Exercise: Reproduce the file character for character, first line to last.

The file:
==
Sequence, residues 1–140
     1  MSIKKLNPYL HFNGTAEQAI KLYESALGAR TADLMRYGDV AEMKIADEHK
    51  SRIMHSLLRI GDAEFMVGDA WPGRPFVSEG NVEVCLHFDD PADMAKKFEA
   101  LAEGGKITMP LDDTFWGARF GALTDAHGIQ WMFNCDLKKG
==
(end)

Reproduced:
Sequence, residues 1–140
     1  MSIKKLNPYL HFNGTAEQAI KLYESALGAR TADLMRYGDV AEMKIADEHK
    51  SRIMHSLLRI GDAEFMVGDA WPGRPFVSEG NVEVCLHFDD PADMAKKFEA
   101  LAEGGKITMP LDDTFWGARF GALTDAHGIQ WMFNCDLKKG